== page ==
Brussels / 4 & 5 February 2017

schedule

Connecting End Users and Developers With the Requirements Bazaar


Requirements Bazaar is an Open Source project developing a social continuous innovation platform on the Web to bring together users, developers and operators. It is available at https://requirements-bazaar.org. End users can enter their ideas, requirements or bug reports by providing short descriptions including textual descriptions and images. The requirements can then be voted and shared. Developers may take up ideas at any time to transfer the accepted requirements to an issue tracker like GitHub Issues. At FOSDEM 2017 we would like to present our ongoing work in keeping our responsive single-page Web application performant using Web Components, and discuss new ideas with the crowd!

As developers, we have to acknowledge, that in most software projects there is a huge imbalance between millions of users on one hand, and a small amount of developers on the other hand. Additionally, we experienced that our users are our most precious source of innovative and often disruptive ideas about how to improve our software. That's why we are convinced it is important to provide feedback mechanisms so that users can easily report bugs or feature requests. In many of our development projects we tried out various means to do just that: users were guided to issue trackers like the ones provided by GitHub or JIRA, forums, emails or simple app store comments. The solutions were either not easy enough for users or simply did not scale well for developers. Commercial solutions didn't exactly fit our expectations or budget. Then we came up with Requirements Bazaar! :) Requirements Bazaar is an Open Source social continuous innovation platform to bring together users, developers and operators. It is freely available under https://requirements-bazaar.org and is currently hosting multiple interesting projects. Besides managing the innovation of our research projects, we see users adopting it for various exciting societal purposes like the digitalization processes of Afghanistan or creating the new IEEE standard for Augmented Reality learning.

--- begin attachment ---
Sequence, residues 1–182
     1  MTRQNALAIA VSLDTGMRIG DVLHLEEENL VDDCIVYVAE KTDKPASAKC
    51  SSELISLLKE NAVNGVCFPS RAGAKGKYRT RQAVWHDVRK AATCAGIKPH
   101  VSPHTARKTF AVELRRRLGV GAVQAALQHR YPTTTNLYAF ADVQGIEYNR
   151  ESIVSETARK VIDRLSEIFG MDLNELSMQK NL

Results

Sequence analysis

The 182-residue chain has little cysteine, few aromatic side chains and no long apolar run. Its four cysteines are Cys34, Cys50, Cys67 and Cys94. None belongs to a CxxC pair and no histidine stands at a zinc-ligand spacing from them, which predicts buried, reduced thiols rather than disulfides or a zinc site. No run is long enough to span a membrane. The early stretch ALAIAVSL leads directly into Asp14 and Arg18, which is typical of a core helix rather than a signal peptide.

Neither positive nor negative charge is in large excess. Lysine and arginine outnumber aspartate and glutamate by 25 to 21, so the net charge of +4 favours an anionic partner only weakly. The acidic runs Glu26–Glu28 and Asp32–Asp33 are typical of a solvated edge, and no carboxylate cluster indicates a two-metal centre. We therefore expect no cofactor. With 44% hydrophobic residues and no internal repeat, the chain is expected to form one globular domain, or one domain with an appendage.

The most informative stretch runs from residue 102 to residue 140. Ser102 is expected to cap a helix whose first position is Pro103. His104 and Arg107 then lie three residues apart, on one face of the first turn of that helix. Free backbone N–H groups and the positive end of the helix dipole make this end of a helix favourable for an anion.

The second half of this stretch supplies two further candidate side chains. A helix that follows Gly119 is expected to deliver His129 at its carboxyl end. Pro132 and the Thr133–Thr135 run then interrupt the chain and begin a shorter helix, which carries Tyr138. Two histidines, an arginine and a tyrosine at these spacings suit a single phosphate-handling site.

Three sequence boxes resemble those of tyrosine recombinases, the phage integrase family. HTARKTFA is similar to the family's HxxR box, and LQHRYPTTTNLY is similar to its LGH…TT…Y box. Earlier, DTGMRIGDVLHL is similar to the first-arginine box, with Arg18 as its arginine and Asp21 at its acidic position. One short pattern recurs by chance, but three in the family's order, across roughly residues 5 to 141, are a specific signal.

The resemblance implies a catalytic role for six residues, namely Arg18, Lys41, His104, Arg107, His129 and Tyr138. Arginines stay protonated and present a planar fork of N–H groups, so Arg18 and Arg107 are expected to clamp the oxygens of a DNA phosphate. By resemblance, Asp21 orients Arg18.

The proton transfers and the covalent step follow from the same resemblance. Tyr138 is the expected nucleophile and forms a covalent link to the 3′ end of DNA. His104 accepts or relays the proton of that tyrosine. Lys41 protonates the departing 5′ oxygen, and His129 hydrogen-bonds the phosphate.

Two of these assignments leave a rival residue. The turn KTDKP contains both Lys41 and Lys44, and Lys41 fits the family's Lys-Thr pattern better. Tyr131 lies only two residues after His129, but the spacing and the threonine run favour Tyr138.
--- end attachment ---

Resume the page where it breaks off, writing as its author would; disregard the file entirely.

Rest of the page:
This is how our Web app works: End users can enter their requirements by providing short descriptions including use cases, screenshots and other images. The requirements can then be voted and shared. Then, developers may take up ideas and transfer the discussed requirements to an issue tracker like GitHub Issues.

At FOSDEM 2017 we would like to encourage Open Source developers and designers in rethinking the way requirements are currently gathered from the crowd. How do we want to collect new software ideas or simply feature requests from our users? Is it effective to provide feedback forms in our apps’ “About” menu? Do our users think in terms of issues like we developers do? How can gamification be used to reward actual end-users of software? We hope Requirements Bazaar can answer these questions and fill the gap!

We are also happy to talk about our experiences developing a performant responsive single-page Web application with Web Components using Polymer.

Speakers

István Koren

Links